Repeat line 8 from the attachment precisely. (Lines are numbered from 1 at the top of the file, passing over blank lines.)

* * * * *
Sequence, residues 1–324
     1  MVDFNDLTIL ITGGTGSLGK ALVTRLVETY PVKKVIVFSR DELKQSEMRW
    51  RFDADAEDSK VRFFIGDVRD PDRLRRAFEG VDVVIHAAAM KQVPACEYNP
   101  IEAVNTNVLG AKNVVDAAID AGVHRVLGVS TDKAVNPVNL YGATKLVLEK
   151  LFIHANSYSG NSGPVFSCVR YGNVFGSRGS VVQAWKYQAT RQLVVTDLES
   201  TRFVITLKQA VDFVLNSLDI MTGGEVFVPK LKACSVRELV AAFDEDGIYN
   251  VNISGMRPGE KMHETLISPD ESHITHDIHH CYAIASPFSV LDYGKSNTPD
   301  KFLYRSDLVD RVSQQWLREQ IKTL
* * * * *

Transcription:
   301  KFLYRSDLVD RVSQQWLREQ IKTL